SALT LAKE CITY -- Utah representatives for People for the Ethical Treatment of Animals hope the Utah Department of Transportation will reconsider their rejection of a roadside memorial sign for hundreds of turkeys that were killed in a crash last month.
Following the crash, PETA requested the placement of a memorial sign at the crash site.
"In Memory of the Hundreds of Terrified Turkeys Who Died Here in a Truck Crash," the proposed sign says.
UDOT rejected the request, saying roadside memorials are for people, not turkeys.
“Any loss of life is unfortunate,” UDOT Spokesman John Gleason said. “But the roadside memorials are specifically for people that have been killed in crashes and for the family members that want to memorialize those people.”
In its appeal letter, which was addressed to UDOT's Region Three Director Teri Newell, PETA argued that "[t]hese individuals, who develop strong bonds and feel pain just as we do, are as deserving of our empathy as are human crash victims."
Scroll down to read the rest of PETA's appeal letter.
Tell us what you think. Should PETA be allowed to erect a memorial sign for turkeys?
Read PETA's entire appeal letter:
Dear Ms. Newell:
I'm writing to urge you to reconsider your decision to reject PETA's roadside memorial commemorating the lives of hundreds of turkeys who died in the recent truck crash on U.S. 189. According to UDOT, the memorial program was designed for grieving families to pay tribute to their lost loved ones, but turkeys in the factory farming industry have no living relatives. These individuals, who develop strong bonds and feel pain just as we do, are as deserving of our empathy as are human crash victims, which is why I hope you'll allow me, a concerned Utah resident, to erect this tribute.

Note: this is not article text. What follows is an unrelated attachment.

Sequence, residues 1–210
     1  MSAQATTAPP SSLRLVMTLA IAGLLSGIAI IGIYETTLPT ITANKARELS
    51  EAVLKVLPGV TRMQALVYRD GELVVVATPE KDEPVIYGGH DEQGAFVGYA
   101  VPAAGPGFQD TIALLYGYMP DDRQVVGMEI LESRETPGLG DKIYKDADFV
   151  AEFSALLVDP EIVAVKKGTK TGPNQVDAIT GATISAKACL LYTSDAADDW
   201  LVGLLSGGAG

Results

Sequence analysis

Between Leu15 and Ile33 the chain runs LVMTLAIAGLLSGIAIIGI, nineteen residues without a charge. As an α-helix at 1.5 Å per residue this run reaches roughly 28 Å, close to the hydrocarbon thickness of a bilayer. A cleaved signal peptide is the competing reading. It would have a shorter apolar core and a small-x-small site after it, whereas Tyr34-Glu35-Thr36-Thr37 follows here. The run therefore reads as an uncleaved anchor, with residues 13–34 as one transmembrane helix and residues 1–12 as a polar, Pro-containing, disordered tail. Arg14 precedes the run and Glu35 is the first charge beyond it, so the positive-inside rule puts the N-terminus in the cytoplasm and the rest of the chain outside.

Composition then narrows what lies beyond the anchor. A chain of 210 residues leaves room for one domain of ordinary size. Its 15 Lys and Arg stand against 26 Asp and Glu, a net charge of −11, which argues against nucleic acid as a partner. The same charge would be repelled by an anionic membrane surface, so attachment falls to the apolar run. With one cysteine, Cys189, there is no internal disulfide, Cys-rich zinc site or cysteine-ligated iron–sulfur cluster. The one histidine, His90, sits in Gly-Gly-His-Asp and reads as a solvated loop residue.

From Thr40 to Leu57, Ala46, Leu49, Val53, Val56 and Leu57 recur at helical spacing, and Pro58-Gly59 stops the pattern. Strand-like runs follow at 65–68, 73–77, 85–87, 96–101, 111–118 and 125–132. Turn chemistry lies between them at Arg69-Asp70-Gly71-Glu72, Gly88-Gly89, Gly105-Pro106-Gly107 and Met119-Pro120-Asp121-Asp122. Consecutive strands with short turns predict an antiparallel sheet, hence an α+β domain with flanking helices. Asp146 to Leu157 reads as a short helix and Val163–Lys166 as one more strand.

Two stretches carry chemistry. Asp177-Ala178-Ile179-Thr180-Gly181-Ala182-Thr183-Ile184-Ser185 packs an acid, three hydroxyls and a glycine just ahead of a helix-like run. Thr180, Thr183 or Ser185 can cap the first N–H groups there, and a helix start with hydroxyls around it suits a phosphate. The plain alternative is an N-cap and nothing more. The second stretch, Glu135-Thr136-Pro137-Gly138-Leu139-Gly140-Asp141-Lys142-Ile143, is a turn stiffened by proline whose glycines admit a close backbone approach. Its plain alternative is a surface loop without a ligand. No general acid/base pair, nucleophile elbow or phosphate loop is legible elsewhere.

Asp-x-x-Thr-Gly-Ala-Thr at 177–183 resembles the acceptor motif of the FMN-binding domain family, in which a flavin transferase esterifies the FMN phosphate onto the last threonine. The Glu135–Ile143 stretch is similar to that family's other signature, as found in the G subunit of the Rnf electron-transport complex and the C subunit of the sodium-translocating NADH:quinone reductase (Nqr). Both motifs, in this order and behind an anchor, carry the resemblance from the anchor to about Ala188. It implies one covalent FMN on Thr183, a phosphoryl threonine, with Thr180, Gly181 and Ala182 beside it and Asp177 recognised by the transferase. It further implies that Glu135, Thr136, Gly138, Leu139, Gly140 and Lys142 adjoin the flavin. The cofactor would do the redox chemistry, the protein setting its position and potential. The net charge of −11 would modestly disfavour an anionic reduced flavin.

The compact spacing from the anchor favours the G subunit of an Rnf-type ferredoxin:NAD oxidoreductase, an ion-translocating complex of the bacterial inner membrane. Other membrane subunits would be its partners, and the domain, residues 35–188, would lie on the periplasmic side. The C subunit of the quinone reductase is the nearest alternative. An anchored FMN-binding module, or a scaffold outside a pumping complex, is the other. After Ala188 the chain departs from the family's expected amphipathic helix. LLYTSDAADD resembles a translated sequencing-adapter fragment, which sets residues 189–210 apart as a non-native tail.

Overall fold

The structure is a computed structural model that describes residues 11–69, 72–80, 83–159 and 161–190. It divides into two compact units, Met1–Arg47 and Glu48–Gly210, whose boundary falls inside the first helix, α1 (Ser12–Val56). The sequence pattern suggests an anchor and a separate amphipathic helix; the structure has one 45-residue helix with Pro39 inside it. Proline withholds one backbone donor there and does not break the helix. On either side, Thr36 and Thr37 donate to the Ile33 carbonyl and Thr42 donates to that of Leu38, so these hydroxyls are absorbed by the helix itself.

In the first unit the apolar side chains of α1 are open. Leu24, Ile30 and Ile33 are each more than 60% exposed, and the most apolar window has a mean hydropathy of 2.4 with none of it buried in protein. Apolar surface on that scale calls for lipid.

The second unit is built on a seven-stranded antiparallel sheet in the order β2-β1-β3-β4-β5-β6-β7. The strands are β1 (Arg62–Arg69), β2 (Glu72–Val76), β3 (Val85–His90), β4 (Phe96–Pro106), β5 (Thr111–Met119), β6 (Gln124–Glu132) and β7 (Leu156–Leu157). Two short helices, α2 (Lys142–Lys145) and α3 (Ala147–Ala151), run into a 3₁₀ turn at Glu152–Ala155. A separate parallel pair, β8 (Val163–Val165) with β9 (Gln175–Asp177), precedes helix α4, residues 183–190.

As I drive past the site of the incident, I will always be reminded of the gruesome deaths that occurred there—deaths that, as our memorial points out, were completely avoidable. The sign will remind truck drivers of their duty to drive with the utmost care as they haul hundreds of terrified animals to their deaths, cutting down on these horrific collisions and making the roads safer for all commuters. It also points out that going vegan is the best way to spare curious, intelligent turkeys and other animals from ever being thrown into cramped transport trucks and trekked thousands of miles in all weather extremes, as eating vegan saves more than 100 animals every year. PETA's tribute is a win for everyone—truck drivers, commuters, and turkeys alike.
Please let me know how we can erect the memorial to comply with your guidelines in the absence of available family members of the victims. Thank you for your consideration.
Salt Lake City